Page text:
The first challenge of the system was designing the mechanical platform of the turret, which was completely outside the scope of this class. As most worth while endevours are probably outside the scope of the initial objective, this was probably a good sign. After several visits Home Depot and the University machine shop, we had a good game plan. This included using medium-density fiberboard (MDF) as the frame, with a lazy Susan bracket to rotate a firing platform. Originally, we had planned on designing our own pressurized water system, but a $9 weed sprayer proved to be just as effective. This was a HUGE time saver. The only specialized components we needed to machine (w/ some assistance) were adapters to mate with our stepper motors.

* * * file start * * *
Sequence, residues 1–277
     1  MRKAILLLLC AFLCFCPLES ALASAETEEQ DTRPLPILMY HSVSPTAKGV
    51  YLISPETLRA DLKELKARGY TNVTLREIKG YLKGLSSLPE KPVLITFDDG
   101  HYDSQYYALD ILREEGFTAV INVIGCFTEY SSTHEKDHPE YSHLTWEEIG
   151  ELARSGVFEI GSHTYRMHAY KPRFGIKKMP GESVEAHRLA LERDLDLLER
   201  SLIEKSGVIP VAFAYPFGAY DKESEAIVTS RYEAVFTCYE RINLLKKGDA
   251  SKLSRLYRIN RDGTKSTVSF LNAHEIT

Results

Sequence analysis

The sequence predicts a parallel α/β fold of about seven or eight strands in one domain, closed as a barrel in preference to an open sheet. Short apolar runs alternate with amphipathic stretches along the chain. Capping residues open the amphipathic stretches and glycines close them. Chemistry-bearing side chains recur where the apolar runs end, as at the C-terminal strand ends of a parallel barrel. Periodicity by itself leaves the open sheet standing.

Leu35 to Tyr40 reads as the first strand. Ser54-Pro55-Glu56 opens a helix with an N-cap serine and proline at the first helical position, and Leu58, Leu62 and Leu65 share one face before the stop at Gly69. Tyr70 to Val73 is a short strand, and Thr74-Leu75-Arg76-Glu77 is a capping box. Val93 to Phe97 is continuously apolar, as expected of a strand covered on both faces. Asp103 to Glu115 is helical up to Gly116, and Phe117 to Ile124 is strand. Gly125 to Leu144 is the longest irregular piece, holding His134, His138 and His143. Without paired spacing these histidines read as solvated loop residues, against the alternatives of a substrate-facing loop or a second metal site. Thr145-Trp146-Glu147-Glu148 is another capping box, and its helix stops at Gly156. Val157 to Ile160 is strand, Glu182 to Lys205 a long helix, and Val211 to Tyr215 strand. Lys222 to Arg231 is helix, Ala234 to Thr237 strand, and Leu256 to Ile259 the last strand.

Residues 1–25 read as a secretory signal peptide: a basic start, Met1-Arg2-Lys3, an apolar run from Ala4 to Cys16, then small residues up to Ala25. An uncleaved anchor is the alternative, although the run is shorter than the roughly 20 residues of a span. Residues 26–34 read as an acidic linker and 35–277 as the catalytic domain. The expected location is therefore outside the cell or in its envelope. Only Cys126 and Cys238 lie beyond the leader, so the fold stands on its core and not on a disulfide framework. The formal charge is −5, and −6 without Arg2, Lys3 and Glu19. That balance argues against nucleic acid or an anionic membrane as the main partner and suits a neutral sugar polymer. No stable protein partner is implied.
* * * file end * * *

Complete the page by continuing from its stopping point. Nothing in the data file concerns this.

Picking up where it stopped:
These parts included an aluminum bracket that mates the D-shaft at the end of the larger stepper motor (Probotix 280 OzIn) with a small bike gear. This motor controls the yaw (left-right motion) of the firing platform via a bike chain and larger gear mounted under the platform. The second part was an aluminum block attaching to the pitch motor (up-down movement, Anaheim Automation), which serves as a mounting point for the sprayer handle and solenoids. More on this to follow.
This part of the project was an excellent chance to show how serious we were about a quality device, and how our team is excellent at thinking outside the box. In my experience, you don’t find three EE students in the machine, let alone finding them hammering and sawing next to the serious machinists.